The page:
By Noah Hubbell
By Kiernan Maletsky
By Tom Murphy
By Noah Hubbell
By Alex Distefano
By Darryl Smyers
By Jon Solomon
By Britt Chester
In this great Era of Irony, when everything is safely played for the underlying joke, it's refreshing to encounter a literalist. On Four Cornered Night, Jets to Brazil's second release, singer-songwriter Blake Schwarzenbach attempts to swim upstream against the current cultural phenomenon. He boldly puts himself, and his direct music, on display and hopes people won't laugh.
He fails miserably.
From the opening lick of Four Cornered Night to the final note some 58 long, long minutes later, Schwarzenbach moans and groans, then moans and groans some more about his personal pain -- all of which is heaped on top of slow- to mid-tempo Beatlesesque ballads. Earlier in his career, Jawbreaker fans will remember, Schwarzenbach's woes were, at the very least, interesting tales, spun with linguistic flare and innovative, hard-rocking chord progressions. Here, his 'this-is-my-shitty-life' shtick is presented in pathetically explicit, simple terms, as is his performing. Throughout the album, it is as if his talent and creative sensibility have reverted to the level of those of a high school senior.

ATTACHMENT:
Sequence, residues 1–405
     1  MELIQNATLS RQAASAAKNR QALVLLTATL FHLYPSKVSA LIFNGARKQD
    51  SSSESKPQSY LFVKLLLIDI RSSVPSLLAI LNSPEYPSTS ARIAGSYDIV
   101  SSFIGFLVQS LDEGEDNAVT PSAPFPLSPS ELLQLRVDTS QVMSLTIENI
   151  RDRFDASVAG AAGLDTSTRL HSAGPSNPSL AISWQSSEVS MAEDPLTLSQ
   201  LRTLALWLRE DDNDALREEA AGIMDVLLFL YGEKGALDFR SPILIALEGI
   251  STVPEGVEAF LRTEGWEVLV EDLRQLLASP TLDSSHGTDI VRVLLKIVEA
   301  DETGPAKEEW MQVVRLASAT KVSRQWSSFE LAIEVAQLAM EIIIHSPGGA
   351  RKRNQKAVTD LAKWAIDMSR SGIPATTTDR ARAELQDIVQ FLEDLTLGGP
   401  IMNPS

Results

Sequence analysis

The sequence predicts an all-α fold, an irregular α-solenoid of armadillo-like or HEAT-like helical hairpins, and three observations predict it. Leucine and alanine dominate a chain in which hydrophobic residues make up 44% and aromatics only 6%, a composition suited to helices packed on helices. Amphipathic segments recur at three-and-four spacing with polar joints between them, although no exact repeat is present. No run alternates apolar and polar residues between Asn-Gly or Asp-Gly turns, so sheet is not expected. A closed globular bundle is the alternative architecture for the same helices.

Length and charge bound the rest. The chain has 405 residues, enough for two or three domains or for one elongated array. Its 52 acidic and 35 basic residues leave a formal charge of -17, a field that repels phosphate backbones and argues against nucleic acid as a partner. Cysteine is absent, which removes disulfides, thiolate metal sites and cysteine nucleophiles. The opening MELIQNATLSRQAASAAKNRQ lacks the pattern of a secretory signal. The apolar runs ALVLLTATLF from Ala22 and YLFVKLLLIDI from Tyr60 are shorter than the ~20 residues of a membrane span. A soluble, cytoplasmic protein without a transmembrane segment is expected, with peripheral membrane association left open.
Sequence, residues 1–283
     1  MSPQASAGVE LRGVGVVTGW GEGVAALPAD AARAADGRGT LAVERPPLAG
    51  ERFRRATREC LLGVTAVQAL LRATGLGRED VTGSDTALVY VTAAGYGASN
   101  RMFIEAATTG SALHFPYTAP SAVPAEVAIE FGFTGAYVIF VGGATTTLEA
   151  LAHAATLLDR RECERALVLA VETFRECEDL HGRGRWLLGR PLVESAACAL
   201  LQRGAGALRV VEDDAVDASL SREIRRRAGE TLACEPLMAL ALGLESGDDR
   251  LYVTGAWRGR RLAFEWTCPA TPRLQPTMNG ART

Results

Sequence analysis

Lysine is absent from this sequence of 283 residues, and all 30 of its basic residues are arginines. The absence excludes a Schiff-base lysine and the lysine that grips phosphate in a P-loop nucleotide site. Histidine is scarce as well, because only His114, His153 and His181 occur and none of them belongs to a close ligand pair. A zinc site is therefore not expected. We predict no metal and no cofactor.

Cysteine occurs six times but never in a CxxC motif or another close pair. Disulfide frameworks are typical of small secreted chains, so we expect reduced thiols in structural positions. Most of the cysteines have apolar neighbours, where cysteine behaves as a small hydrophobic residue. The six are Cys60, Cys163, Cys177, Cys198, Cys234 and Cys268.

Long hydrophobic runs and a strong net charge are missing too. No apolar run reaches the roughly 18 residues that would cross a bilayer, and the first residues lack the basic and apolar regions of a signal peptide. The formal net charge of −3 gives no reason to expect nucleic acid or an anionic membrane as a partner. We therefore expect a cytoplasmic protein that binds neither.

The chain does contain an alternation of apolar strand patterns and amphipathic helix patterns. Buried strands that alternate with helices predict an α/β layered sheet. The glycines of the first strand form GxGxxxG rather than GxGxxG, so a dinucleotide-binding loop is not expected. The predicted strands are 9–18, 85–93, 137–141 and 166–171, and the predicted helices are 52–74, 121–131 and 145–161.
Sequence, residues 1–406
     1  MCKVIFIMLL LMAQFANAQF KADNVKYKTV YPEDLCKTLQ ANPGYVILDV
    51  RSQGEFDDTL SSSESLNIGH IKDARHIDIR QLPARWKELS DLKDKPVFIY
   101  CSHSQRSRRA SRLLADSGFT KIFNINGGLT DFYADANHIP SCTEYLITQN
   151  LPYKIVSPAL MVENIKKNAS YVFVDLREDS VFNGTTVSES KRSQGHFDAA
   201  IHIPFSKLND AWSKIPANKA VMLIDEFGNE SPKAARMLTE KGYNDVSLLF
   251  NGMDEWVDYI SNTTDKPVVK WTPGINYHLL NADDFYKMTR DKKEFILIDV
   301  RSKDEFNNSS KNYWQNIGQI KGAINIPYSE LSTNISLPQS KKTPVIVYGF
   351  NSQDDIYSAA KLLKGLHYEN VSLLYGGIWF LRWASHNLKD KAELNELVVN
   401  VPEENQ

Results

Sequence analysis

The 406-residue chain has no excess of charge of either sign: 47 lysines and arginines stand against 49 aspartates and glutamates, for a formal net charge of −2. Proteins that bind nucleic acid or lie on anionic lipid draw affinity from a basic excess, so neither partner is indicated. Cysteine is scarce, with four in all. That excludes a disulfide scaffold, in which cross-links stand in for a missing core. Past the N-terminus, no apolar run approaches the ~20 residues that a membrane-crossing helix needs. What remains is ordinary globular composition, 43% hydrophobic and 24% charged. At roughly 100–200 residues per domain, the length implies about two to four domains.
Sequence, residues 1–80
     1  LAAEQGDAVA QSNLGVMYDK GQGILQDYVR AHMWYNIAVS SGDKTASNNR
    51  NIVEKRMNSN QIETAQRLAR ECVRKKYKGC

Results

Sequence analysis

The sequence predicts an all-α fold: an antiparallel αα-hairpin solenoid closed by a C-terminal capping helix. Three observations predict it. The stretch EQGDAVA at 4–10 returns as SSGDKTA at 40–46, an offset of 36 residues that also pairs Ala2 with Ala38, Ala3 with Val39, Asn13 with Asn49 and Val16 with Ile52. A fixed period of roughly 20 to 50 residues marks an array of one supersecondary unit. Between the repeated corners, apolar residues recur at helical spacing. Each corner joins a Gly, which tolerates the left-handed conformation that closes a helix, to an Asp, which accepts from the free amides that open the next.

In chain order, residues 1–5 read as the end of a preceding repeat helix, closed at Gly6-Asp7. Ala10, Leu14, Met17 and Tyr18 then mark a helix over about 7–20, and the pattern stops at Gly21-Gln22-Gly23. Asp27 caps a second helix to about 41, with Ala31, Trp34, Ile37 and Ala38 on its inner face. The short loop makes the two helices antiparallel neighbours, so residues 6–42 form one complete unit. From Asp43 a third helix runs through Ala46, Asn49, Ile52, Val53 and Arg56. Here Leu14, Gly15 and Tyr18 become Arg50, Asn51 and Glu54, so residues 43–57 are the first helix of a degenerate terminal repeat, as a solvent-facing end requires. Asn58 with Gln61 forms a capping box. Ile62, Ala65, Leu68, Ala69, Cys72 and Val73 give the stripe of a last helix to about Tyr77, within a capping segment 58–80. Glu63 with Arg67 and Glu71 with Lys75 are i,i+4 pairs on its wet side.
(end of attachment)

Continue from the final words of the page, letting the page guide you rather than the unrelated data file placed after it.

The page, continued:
Four Cornered Night is so slow and sappy, Schwarzenbach has managed to out-Barry-Manilow Barry Manilow. He even learned how to play the piano, which, against better judgment, he does quite frequently. His skill level on the ivories is just one lesson past "Chopsticks," and the result is a childish dant-dant-dant-dant that finds its way into nearly every song, whether it's needed or not. This ongoing display of self-indulgence indicates that Schwarzenbach (who will perform with Jets to Brazil on September 27 at the Fox Theatre), once an ingenious talent on the rise, has either surrounded himself by yes-men musicians or simply killed his producer.
The final meandering ballad, "All Things Good and Nice," is a painfully slow-moving love letter to...everyone. He starts with his mother ("I love my mother for all the things she's not, but mostly for who she is"), then moves to his father ("For all the things he's thought, but really for the things he did" ) and follows with equally cheeseball props for his brother and sister. At that point, it's a mushy, albeit adorable, song. Then, like a rambling drunkard who just can't let it go, Schwarzenbach adds to the list. He loves his drummer "just to say thanks," his bassist for "representing the Western states" and his guitarist for having "chops from outer space." He even includes an inanimate object: "I love my piano," Schwarzenbach sings in earnest, "I wasn't ever taught."
He is not trying to be funny, which is a real shame.